The rainbow stands. God will not destroy us. God will not make war against all living things. But there are wounds in his hands and side.

Isaiah lived in a time when the faith of the nation seemed lost and the kingdoms of Israel and Judah were spiraling towards their destruction. But the prophet saw more than the coming judgment at the brutal hand of Assyria. The prophet saw the purpose of God to heal this wounded and fearful world. A king shall come to reign in righteousness. “And the earth will be full of the knowledge of the LORD as the waters cover the sea.” It will no longer be violence that fills the earth – from the big violence of wars and terrors to the tragic violence that poisons the land and its people, to the little everyday violences of cruel and thoughtless words – it will no longer be violence that fills the earth. Now the earth will be filled with the knowledge of the LORD: the knowledge of grace, the knowledge of compassion, the knowledge of generosity and courage, the knowledge of joy – like the waters cover the sea.

All earth and heaven have their beginning and end in you, O God;
you are our source and goal.
Bring the desert to full bloom,
and fill with joy our path to you.

– The prayer for Week 3: A Journey towards Joy

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Image: https://commons.wikimedia.org/wiki/File:Caribbean_Sea_-_Long_Exposure.jpg Martin Falbisoner [CC BY-SA 4.0 (https://creativecommons.org/licenses/by-sa/4.0)%5D

Come and see

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File:A woman and her child look through a bamboo fence.jpgThe Nineteenth Day of December

Isaiah 33:17

Your eyes will see the king in his beauty;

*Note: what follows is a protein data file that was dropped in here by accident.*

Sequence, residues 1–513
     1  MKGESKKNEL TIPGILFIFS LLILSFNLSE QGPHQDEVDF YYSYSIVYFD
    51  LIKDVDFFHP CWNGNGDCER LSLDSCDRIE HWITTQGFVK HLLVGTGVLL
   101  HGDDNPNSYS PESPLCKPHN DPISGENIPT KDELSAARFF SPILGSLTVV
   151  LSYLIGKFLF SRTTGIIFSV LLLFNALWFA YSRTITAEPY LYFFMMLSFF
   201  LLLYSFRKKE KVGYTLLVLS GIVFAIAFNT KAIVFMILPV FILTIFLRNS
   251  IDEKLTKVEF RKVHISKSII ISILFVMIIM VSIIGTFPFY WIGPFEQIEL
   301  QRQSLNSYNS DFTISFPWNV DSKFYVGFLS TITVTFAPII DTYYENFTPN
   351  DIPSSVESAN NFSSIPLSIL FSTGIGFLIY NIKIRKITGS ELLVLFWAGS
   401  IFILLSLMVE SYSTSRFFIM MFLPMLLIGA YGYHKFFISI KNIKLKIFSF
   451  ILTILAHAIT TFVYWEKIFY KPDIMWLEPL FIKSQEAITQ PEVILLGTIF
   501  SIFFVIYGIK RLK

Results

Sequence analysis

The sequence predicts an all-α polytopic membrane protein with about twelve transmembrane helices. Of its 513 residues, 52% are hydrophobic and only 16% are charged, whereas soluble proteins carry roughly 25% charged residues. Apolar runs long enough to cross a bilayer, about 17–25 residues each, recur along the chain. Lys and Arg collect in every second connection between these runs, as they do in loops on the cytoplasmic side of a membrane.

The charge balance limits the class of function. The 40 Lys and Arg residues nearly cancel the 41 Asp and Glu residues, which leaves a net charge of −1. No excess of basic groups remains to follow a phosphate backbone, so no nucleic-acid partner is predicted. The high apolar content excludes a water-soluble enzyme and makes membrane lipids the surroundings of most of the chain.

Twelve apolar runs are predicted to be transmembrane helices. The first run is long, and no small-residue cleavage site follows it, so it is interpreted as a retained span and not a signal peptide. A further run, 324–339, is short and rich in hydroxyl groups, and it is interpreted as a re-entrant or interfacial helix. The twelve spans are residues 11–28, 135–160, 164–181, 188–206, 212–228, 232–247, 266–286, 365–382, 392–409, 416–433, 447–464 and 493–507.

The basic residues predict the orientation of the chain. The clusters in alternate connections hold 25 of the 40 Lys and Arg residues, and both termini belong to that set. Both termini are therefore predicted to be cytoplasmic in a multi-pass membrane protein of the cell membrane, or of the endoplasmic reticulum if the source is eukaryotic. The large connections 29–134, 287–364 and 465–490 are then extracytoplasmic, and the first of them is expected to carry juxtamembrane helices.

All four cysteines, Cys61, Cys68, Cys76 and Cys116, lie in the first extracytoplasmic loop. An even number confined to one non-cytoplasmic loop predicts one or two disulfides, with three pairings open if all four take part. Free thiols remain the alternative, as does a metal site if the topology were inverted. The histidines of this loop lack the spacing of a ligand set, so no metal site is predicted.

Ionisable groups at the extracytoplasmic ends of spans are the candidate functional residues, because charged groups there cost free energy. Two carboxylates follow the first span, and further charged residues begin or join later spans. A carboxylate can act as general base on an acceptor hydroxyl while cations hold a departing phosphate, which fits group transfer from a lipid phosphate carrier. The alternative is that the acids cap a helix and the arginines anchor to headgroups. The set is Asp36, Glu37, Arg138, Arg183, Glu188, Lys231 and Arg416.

….they will behold a land that stretches far away.

I love the poetry of this verse, especially the line: “Your eyes will see the king in his beauty”. The prophet’s message most likely comes twenty years after the destruction of the northern kingdom of Israel, in 701 BCE when King Hezekiah joined an alliance at Egypt’s instigation to rebel against their Assyrian overlord. Sennacherib invaded Judah, stripped away forty-six fortified cities and besieged Jerusalem. The king looted the temple to pay tribute to stop the campaign, stripping even the temple doors of its gold leaf.

But the prophet says, “Your eyes will see the king in his beauty”. Not the troubled and frightened kings with rent robes and sackcloth, not the idolatrous kings praying to gods of wealth and power, not the fallen kings led away in chains into exile, “Your eyes will see the king in his beauty”. Your eyes will see the king clothed in royal array, faithful and steadfast, reigning in peace over a land that has not been cut down and carved off in pieces to other nations, but “a land that stretches far away.”